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Open Access Nano Express

Facile Hydrogen Evolution Reaction on WO3Nanorods

Janarthanan Rajeswari, PilliSatyananda Kishore, Balasubramanian Viswanathan* and ThirukkallamKanthadai Varadarajan

Author Affiliations

Department of Chemistry, National Centre for Catalysis Research, Indian Institute of Technology Madras, Chennai, 600 036, India

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Nanoscale Research Letters 2007, 2:496-503  doi:10.1007/s11671-007-9088-y


The electronic version of this article is the complete one and can be found online at:


Received:13 April 2007
Accepted:10 August 2007
Published:1 September 2007

© 2007 to the authors

Abstract

Tungsten trioxide nanorods have been generated by the thermal decomposition (450 °C) of tetrabutylammonium decatungstate. The synthesized tungsten trioxide (WO3) nanorods have been characterized by XRD, Raman, SEM, TEM, HRTEM and cyclic voltammetry. High resolution transmission electron microscopy and X-ray diffraction analysis showed that the synthesized WO3nanorods are crystalline in nature with monoclinic structure. The electrochemical experiments showed that they constitute a better electrocatalytic system for hydrogen evolution reaction in acid medium compared to their bulk counterpart.

Keywords:
Tungsten trioxides; Thermal decomposition; Nanorods; Hydrogen evolution reaction; Electrocatalyst

Introduction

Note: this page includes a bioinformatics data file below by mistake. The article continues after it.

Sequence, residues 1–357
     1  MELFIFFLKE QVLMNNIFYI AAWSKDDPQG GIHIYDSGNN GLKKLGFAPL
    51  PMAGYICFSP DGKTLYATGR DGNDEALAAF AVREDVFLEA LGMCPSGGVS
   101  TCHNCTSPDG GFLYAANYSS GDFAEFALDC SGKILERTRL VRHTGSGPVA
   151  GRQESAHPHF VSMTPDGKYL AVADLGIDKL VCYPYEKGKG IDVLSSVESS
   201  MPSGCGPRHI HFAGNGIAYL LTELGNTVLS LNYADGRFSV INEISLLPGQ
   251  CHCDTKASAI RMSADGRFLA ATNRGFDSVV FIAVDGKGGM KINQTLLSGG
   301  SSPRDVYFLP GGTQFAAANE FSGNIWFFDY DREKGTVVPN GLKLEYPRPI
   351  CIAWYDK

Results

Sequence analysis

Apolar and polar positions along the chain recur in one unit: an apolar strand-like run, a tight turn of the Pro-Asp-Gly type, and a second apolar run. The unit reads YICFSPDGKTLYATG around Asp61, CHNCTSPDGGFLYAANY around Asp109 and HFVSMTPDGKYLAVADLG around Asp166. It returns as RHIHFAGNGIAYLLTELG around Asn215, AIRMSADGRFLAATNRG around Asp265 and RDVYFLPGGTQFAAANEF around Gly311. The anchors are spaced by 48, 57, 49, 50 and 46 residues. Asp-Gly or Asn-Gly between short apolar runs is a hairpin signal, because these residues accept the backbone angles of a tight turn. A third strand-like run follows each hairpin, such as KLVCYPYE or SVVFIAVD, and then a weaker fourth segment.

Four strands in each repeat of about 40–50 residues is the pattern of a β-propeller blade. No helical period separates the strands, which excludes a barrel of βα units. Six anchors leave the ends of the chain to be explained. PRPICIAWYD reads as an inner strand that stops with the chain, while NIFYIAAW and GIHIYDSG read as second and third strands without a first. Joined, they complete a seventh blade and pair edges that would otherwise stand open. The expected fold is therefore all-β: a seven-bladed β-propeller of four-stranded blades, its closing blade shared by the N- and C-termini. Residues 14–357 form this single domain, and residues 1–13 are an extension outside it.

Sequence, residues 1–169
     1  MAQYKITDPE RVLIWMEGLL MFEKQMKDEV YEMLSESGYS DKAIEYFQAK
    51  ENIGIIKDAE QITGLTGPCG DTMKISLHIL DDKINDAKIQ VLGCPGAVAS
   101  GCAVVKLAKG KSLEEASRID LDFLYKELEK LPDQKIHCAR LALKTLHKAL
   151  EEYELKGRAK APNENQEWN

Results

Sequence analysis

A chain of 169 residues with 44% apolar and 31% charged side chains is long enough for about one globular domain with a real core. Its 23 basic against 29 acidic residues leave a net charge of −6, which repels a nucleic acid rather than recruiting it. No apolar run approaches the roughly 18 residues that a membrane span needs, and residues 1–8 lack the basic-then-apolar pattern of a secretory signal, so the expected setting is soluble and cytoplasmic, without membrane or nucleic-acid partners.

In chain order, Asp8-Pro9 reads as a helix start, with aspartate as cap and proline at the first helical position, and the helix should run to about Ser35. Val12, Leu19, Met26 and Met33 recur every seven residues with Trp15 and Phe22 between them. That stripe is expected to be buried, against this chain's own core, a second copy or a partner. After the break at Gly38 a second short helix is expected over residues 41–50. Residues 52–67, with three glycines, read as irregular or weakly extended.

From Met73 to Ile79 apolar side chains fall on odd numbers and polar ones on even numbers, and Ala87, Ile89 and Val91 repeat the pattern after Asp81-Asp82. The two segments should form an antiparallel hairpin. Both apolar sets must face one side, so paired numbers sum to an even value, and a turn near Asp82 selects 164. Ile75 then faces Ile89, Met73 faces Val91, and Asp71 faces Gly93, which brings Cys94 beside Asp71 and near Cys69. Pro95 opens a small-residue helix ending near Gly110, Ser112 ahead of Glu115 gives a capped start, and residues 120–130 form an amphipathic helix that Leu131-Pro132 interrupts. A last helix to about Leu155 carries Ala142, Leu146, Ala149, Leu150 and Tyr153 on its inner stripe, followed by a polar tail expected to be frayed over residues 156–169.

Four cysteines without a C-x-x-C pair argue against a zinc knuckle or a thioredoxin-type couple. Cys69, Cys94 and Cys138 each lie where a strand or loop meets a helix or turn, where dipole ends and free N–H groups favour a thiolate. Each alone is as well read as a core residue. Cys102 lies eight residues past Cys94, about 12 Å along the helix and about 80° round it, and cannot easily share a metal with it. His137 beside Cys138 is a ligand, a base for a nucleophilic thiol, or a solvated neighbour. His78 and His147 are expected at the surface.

One-dimensional (1D) nanostructures such as nanorods, nanowires and nanotubes have attracted attention due to their novel physical and chemical properties as well as their potential use in a wide range of advanced applications in the past decade [1,2]. As a consequence, many synthetic methods have been developed to prepare various 1D nanostructures [3-6]. Of particular interest is the preparation of 1D nanostructure of tungsten trioxides (WO3) and its suboxides (WO3 − x). WO3 is used extensively as materials for electrochromic devices [7-10], gas sensors [11,12], catalysts [13,14] and secondary batteries [15]. Several synthetic approaches including electrochemical techniques, sonochemical approach, template mediated synthesis, bioligation, hydrothermal, wet organic and inorganic routes and thermal methods have been reported to fabricate WO3 nanorods [16-51]. A method for the synthesis of tungsten oxide nanorods with planar defects or textured structure has been introduced by Zhang et al. and this method involves growth of WO3 − x nanorods on the tips of electrochemically etched tungsten filament [16]. However, synthesis of such structure has been possible only in the presence of H2 atmosphere. The nanorods of WO3 have also been obtained by sonochemical method wherein Koltypin et al. have synthesized a mixture of WO2–WO3 nanorods by ultrasound irradiation of W(CO)6 in diphenylmethane [17]. Tungsten oxide nanorods could also be obtained from templated route by using CNTs and colloidal gas aphrons as templates [18-20]. Therese et al. have adopted an organic amine assisted low temperature hydrothermal route for the synthesis of hexagonal WO3 nanorods [23]. Inorganic compounds such as Na2SO4, Rb2SO4 and K2SO4have been demonstrated as structure directing agents for the hydrothermal synthesis of 1-D WO3 nanorods by Gu et al., Lu et al. and Xiao et al. [24-26]. Srivastava et al. have reported sol–gel followed by dip coating to produce WO3 nanorods [28]. By altering the composition and concentration of solvent, it was shown that different morphologies and phases of WO3 nanorods can be achieved [29]. However, all of these reported efforts involve multistep processes and limited to the use of directing agents such as CNTs and M2SO4 (M = Na, Rb and K). Hence, the synthesis would be tedious and requires careful removal of the structure directing agents to avoid contaminants. Moreover, sol–gel and hydrothermal methods proceed with a low yield. In order to overcome the difficulties mentioned, thermal method has been employed widely for the large scale synthesis of tungsten oxide nanorods/nanowires as they are simple, easy and free from catalysts and contaminants. Heat treatment of tungsten metal, such as, tungsten foil or tungsten filament heated at 800–1,600 °C [40-42], tungsten powder heated at 950 °C under the Ar gas flow on ITO glass/tungsten substrate at 900–1,100 °C [44], thermal evaporation of tungsten powder [45] and tungsten hexacarbonyl heated at 700 °C [39] have yielded 1-D WO3 nanorods. All the above thermal methods related to 1-D tungsten oxide formation from the gaseous phase (vapor deposition) or thermal evaporation techniques are technically complex, require high temperature, harsh growth conditions, expensive experimental setup and complicated control processes. Recently, the single source molecular precursor route has opened a useful way for the synthesis of WO3 nanorods/nanowires by thermal decomposition method [49-51]. It offers the distinct advantage of simplified fabrication procedure and equipment as compared with the thermal evaporation or vapor deposition methods. However, multiple steps for the synthesis of both precursor and 1-D WO3, longer reaction time for precursor (6 days or 10 h) and relatively higher pyrolysis temperature (750 °C) were required. In this report, a facile synthesis of WO3 nanorods based on the thermal decomposition of tetrabutylammonium decatungstate has been described. The method has several unique advantages. Firstly, it has been possible to obtain high yields of WO3 nanorods at a relatively low temperature (450 °C) and short reaction time as compared to previously reported methods involving high temperature (≥700 °C). Secondly, different morphologies of the material (nanosheets and nanorods) can be achieved by altering the pyrolysis time. Moreover, the method followed for the synthesis of precursor is a simple precipitation which does not require any tedious experimental set up or does not consume much time when compared to the other methods. Finally, it is a generic method which can be applied for synthesis of other metal oxides such as MoOx and V2O5 by suitably altering the metal in the precursor.